Status in Tonga was not static. Marriages did occur across ranks but the highest ranks were not allowed to marry the commoners. (Gailey 1987: 57). When a child was born, it took the rank of the mother. Power could also change if a lineage was conquered, reducing chiefs to commoners (Goldman 1970: 305).

There were three levels of status in Tongan society. These levels are represented in Figure 1. The highest of course was the chiefs and their immediate relatives. There were three paramount chiefs of Tonga: Tui Tonga, Tui Haa Takalaua, and the Tui Kanokupolu. The second level was chiefs attendants called matapule and the lowest and most common in society were the tua (Sahlins 1958: 22).Genealogy was important through out Polynesia but seemed to be particularly important in Tonga because it was needed to make claims to chiefly titles (Kirch 1984: 223). The Tui Tonga which means “Lord of Tonga” went back 39 generations (Goldman 1970: 293). The first 22 generations were mythical however (Kirch 1984: 224).

The Tongans highest level were the Tu’i Tong and the hau. They were at the top of the hierarchial pyramid and were in charge of the decision making. Since both the Tu’i Tong and the hau ruled, the power was split. The Tu’i Tong served mostly as a mediator with the deities. Through the Tu’i Tong’s mediation, he would ensure the fertility of the land (Kirch 1984: 230). The Tu’i Tong wasn’t priest or god. He was the highest male chief and therefor the most sacred male in the country (Goldman 1970: 294). The Tu’i Tonga also presided over the first-fruits ceremony which served to bind outside islands to the core. The hau is the secular paramount chief held by the Tu’i Kanokupolu. The hau held the ultimate authority (Kirch 1984: 230).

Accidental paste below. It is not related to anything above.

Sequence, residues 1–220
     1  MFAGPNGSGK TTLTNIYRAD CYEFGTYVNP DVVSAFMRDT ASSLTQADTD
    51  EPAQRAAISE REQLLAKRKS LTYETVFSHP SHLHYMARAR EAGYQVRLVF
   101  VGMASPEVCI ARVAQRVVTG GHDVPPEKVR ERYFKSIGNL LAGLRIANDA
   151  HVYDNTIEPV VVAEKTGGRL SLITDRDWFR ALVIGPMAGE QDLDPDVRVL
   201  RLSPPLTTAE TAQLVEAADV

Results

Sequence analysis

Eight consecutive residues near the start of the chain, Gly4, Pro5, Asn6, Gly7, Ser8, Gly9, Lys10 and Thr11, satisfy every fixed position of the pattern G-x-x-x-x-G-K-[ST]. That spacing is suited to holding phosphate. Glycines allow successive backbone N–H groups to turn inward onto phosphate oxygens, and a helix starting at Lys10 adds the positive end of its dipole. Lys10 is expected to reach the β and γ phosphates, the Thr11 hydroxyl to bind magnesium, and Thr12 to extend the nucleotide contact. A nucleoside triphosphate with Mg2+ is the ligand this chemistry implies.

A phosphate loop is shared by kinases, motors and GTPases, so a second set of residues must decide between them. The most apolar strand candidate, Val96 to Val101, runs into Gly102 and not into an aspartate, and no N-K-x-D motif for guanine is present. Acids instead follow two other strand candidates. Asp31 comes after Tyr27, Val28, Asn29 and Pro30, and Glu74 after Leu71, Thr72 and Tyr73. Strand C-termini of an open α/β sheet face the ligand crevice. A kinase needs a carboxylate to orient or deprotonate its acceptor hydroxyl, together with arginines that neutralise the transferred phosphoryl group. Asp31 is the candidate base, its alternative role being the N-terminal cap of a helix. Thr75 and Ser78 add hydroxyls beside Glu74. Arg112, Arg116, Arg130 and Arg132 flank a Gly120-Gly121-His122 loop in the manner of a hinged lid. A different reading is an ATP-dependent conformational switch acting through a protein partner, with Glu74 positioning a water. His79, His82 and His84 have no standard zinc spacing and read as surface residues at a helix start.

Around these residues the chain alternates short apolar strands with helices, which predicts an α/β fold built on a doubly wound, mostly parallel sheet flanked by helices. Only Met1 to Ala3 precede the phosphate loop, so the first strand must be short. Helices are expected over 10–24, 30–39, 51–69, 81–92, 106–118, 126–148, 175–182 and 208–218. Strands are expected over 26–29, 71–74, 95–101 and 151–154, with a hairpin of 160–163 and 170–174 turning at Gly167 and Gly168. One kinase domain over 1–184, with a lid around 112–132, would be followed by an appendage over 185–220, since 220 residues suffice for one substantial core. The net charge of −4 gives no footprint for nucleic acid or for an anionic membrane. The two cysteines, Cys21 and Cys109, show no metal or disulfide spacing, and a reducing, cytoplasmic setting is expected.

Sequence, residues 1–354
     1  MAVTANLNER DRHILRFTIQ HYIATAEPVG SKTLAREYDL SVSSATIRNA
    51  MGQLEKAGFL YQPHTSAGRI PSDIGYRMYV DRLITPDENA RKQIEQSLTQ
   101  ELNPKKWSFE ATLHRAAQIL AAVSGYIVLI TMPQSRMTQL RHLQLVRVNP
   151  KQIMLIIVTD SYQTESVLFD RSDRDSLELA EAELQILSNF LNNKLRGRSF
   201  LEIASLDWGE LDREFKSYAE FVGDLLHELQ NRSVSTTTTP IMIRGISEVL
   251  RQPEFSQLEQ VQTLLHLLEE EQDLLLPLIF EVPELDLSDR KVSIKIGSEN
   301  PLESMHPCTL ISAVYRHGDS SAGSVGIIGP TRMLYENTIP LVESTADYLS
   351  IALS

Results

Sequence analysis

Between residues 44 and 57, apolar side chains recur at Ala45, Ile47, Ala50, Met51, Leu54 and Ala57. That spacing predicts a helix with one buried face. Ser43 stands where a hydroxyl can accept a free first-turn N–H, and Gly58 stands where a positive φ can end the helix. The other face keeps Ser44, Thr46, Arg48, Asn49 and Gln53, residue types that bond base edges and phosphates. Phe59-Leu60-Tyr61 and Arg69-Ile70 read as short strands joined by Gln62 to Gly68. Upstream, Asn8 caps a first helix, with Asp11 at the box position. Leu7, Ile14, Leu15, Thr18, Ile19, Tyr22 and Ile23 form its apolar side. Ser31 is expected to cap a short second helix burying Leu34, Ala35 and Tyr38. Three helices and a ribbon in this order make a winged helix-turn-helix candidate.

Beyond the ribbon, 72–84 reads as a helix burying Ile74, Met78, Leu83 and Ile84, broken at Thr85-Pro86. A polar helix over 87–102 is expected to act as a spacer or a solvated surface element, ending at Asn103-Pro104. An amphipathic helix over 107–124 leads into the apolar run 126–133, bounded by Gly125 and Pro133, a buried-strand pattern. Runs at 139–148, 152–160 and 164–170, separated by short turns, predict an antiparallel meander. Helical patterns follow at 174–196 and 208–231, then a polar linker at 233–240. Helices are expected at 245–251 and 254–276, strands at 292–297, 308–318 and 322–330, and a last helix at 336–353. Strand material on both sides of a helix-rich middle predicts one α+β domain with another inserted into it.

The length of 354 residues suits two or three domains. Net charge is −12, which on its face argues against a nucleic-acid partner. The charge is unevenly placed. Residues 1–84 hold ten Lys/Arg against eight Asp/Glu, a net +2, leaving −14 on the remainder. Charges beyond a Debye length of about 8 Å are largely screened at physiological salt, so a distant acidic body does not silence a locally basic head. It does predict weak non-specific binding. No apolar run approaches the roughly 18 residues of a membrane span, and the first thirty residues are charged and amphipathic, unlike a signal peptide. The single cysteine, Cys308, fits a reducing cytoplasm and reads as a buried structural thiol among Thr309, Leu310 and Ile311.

The next level was the falefa which was known as the “four houses”. They were joined with the Tui Tonga as ministers (Goldman 1970: 299). Sahlins refers to them as “executive aids who were also chiefs” (22). The Tu’i Kanokupolu also had his own Falefa. They served as the middle ground between the Tui Tonga and the matapule. They were often of foreign descent and there is not much information as to their purpose (Goldman 1970: 299). The four houses were split into two groups. One group had the tasks such as sounding trumpets, singing funeral dirges, and managing the funeral and dances at the death of Tui Tonga. The other group were foreigners and were in charge of distributing food and assigning jobs in the royal funeral (Goldman 1970: 300).